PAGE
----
Synopsis – To avenge her mother’s death, Pixie masterminds a heist but must flee across Ireland from gangsters, take on the patriarchy, and choose her own destiny.
My Take – Honestly, I didn’t know too much about the film before heading into it, but just the thought of Alec Baldwin playing a deadly gun slinging priest was convincing enough to sell me into its premise.
Though Alec Baldwin’s role turned out to be more of a cameo really, this gloriously humorous spaghetti mash-up set in Ireland, directed by Barnaby Thompson (St Trinian’s) and written by his son Preston Thompson, is so well-executed that I couldn’t help but be hooked with this love letter to westerns and gangster flicks.
Despite borrowing heavily from the school of Coen Brothers, Guy Ritchie, Quentin Tarantino and Martin McDonagh, this cheeky gangster flick with attitude, is without a bloody delight. While it has a few twists and turns along the way it is nothing spectacular in that sense, yet, the best thing I can possibly say is that it is a joy to watch, something you can easily switch off and enjoy.
Yes, it is not quite on level with Lock, Stock and Two Smoking Barrels (1998) and In Bruges (2008), but it does have a lot going for it, and manages to be charming and funny whilst also having plenty of deaths going on. And as the body count mounts, the titular star of the show, played by Olivia Cooke, bats her eyelids and schemes away.
Set in modern day Ireland, the story follows Pixie O’Brien (Olivia Cooke), a young Irish woman who along with being the daughter of Dermot O’Briena, a dreaded local gangster (Colm Meaney), is also the mastermind behind the drug heist against the rival clan of priest (and nuns) gangsters led by Father Hector McGrath (Alec Baldwin), from whom a duffel bag of 15 kilos of MDMA is stolen.
However, when the bag accidentally ends up in the hands of Frank (Ben Hardy) and Harland (Daryl McCormack), two good for nothing best friends who have had an eye on Pixie for a long time, she finds herself teaming up with them on a road trip through the Irish countryside, all in an attempt to try and sell the drugs, acquire their share of the money to start a new life, and avoid the gangsters after them.
At first glance, this may sound a like a lot, because it is. Boasting a dark and violent brand of comedy, the convoluted and ludicrous plot makes its own sort of sense and that complexity is crucial to both the laugh-out-loud humor and energy that bursts off the screen throughout the film. The whole thing is joyously chaotic, riddled with more references to other films than you can shake a stick at and it’s all done in an affectionate way.
The film opens with the title “One upon a time in the west… of Ireland” and thus makes its influences and sense of humor clear from the start. But the film is best appreciated when studied from a distance. The three performers are sufficiently likeable as to make the whole thing more focused on the sparks flying between them than the script defining them.
With the first half hour spent establishing the trio’s characters the film is in no rush to get going. More time is spent introducing the lead characters and setting up the uncomplicated plot rather than cutting to the chase. The second half of the film is certainly stronger than its first, with the church-set shootout providing an exhilarating finale.
You cannot help but like the three main characters of Pixie, Frank and Harland all for different reasons, but it just makes sense to how they work together and become a pretty good unit. They both vie for her affections, in one way or another, and have a clear bond which comes out through their dialogue. Something which works well for the plot and how much you enjoy the film.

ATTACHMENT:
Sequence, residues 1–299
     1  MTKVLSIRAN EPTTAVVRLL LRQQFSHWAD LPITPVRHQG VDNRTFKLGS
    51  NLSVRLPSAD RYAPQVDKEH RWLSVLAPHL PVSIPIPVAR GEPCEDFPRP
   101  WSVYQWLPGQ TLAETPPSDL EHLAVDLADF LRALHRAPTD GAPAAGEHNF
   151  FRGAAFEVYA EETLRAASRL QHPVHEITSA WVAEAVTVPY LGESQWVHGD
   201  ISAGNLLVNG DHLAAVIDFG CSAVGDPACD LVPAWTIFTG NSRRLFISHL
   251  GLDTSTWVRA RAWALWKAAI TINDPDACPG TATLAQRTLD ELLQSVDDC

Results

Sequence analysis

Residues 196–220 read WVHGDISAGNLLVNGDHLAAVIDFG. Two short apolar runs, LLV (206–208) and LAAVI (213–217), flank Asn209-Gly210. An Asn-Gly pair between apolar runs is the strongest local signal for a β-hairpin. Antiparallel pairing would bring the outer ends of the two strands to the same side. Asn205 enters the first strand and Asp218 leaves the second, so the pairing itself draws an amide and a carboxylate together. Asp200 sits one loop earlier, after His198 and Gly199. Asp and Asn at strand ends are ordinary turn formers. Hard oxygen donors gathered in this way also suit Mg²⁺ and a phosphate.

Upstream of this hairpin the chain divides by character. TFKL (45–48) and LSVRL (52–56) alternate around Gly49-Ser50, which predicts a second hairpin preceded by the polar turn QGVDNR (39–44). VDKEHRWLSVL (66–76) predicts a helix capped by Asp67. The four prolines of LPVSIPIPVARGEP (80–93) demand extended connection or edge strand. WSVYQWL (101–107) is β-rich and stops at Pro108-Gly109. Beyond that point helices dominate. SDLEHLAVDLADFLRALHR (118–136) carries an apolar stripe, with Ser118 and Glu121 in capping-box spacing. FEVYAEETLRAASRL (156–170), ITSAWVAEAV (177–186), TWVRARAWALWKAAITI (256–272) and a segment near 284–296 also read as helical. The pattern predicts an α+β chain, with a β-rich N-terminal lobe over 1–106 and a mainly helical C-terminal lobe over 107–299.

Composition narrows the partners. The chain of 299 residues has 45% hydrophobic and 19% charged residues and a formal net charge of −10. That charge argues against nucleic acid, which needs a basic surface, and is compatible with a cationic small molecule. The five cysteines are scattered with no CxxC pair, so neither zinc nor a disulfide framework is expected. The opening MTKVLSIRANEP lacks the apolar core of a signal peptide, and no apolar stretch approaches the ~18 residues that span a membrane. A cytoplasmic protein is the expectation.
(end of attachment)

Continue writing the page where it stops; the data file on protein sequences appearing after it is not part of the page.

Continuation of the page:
A major contributing factor into that is the inclusion of typical elements of Irish humor and a typical McGuffin in the form of a bag of drugs which everyone wants to get their hands on, so you feel you’re very much on familiar ground as far as British comedies go.
Sure, it can be a little reliant on clichés and has some embarrassingly on the nose feminism in the final moments, but the film’s intentions are evidently honorable and, like its heroine, it can be difficult to resist. There’s a sense director Barnaby Thompson wasn’t interested in pushing the boundaries of the genre, rather, he sticks with tried and tested methods and, while you may have seen them all before, if you’re a fan of the genre you won’t leave feeling shortchanged.
Undoubtedly the star of the show is Olivia Cooke and her mesmerizing performance. Here, Cooke brings vast quantities of charisma to her role as a master manipulator of menfolk. She epitomizes that cool girl in every town who wears colorful leather coats, baggy pants and has pretty bows in her hair who looks like she would knock you out with a punch as soon as make your heart soar with a kiss. She is fresh, sassy and oozing class, maintaining a twinkle in her eyes throughout, as the picture demands. Her sense of comic timing is exemplary.
Both Ben Hardy and Daryl McCormack are extremely solid and funny, and share a very believable chemistry. Colm Meaney lends his experience to this film as the fierce and fed up head of the O’Brien crime family. Turlough Convery is great as the intimidating gangster antagonist, spitting his lines at the camera at one point, and newcomer Olivia Byrne is very funny. Chris Walley is good too. Like I mentioned above, Alec Baldwin appears only in a cameo, and he is kind of perfect in the role, bringing a touch of Hollywood to the climax. On the whole, ‘Pixie’ is a fun and entertaining crime caper with a strong ensemble cast.
Directed – Barnaby Thompson
Rated – R
Run Time – 93 minutes